Supporters of the lab-grown meat industry also want us to believe that growing sheets of meat in a lab is more environmentally friendly than industrialized meat production. While factory farms and the meat-packing industry couldn’t be further from the regenerative agricultural practices ANH-USA supports, a recent study from the University of California, Davis, found that lab-grown meat’s carbon footprint is potentially greater than retail beef. Further, as our colleagues at ANH-International have pointed out, consumption of meat per se isn’t the problem when it comes to the environment—it’s the industrialized factory farm system. Sustainably-raised livestock and associated pasture actually helps sequester carbon in the soil.

Is it healthy?

Despite claims that the fake meat is the biological equivalent of the real thing, this claim doesn’t stand up to scrutiny since many important nutrients may be missing, as ANH explains:

Supporters claim that lab-grown meat is biologically the same as meat. This simply isn’t true, particularly from a nutritional perspective. Just as pasture-raised meat is nutritionally different than beef from a factory farm, lab-grown meat will also be different. Yes, lab-grown meat is made from animal cells, but it’s not just about protein: it’s the composition and nature of the protein as well as the fats, minerals, vitamins, and other compounds found in meat.

There’s still a lot we don’t know because lab-grown meat hasn’t been around for long enough and in quantities sufficient to allow researchers to perform in-depth analyses, but one review of the topic in 2020 pointed out that essential fatty acids like alpha-linolenic acid that are present in meat are likely missing from cultured meat. What about arachidonic acid? And then the complex of naturally-occurring micronutrients like zinc, selenium, and vitamin B12, all present in meat.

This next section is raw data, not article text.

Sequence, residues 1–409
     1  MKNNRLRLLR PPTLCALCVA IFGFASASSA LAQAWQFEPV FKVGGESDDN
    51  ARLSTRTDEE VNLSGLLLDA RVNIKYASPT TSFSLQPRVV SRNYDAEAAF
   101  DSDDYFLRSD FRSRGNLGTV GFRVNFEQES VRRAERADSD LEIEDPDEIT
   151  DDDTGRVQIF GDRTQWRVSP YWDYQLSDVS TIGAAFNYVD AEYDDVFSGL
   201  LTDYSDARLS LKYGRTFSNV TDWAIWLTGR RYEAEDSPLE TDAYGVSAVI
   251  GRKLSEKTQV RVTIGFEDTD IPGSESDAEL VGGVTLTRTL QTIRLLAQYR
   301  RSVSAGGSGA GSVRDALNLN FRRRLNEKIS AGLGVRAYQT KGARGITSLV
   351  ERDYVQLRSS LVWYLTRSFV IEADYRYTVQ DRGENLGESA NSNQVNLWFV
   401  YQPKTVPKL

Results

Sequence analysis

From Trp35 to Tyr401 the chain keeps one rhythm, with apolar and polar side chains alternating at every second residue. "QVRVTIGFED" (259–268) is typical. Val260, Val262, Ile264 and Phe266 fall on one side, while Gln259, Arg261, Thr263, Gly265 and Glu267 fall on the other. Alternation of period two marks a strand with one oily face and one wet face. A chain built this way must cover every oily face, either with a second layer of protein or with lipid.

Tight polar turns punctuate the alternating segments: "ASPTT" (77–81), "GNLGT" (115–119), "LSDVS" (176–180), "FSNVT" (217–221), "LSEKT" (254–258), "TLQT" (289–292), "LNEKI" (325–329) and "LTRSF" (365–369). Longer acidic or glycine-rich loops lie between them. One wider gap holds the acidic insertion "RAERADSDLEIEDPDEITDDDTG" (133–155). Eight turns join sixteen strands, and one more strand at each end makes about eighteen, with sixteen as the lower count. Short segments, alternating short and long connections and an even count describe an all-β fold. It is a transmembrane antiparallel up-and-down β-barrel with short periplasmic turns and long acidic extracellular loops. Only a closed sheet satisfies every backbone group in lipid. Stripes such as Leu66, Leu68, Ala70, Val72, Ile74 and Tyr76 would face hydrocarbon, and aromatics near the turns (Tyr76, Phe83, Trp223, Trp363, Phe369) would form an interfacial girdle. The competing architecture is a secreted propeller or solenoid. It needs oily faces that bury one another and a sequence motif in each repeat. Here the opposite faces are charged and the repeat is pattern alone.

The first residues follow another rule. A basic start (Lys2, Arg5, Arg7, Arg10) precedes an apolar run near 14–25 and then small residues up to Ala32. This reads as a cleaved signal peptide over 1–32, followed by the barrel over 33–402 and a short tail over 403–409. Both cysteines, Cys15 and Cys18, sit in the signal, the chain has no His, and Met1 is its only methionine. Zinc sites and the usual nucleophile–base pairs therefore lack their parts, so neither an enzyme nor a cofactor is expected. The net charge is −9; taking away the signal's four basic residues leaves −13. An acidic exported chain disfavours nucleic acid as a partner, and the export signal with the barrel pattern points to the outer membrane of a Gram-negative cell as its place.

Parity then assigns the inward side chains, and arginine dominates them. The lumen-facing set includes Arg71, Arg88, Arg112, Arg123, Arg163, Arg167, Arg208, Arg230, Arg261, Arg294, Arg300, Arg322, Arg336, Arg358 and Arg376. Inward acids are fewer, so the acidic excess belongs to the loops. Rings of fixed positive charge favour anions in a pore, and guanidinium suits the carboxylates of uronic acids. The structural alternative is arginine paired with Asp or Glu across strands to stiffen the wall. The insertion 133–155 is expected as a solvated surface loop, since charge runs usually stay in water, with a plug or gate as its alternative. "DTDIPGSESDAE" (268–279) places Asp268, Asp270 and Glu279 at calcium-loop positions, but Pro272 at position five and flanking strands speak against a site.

Some, but probably not all, of the macro- and micro-nutrients found in meat are given to cells in the cultivators to support growth. But we don’t know much about the uptake of these nutrients in the final product to know how it compares to meat.

A slice of cancer on your plate?

Dr. Joseph Mercola takes issue with the way the cells are cultivated. He notes that cells that continuously reproduce are cancerous or pre-cancerous and there are no guarantees that they won’t harm those who eat the ersatz meat:

Most cultured or cell-based meats are created by growing animal cells in a solution of fetal bovine serum (FBS). Aside from the fact that this “green” alternative requires the slaughter of pregnant cows in order to drain the unborn fetus of its blood, to get the cell cultures to grow fast enough, several companies are using immortalized cells.

As reported by The Fern, “Immortalized cells are a staple of medical research, but they are, technically speaking, precancerous and can be, in some cases, fully cancerous.”

There’s no cause for concern, though, The Fern claims, because according to “prominent cancer researchers” such as MIT biologist Robert Weinberg, Ph.D., it’s “essentially impossible” for humans to get cancer when eating these cells because they’re not human cells and therefore cannot replicate inside your body.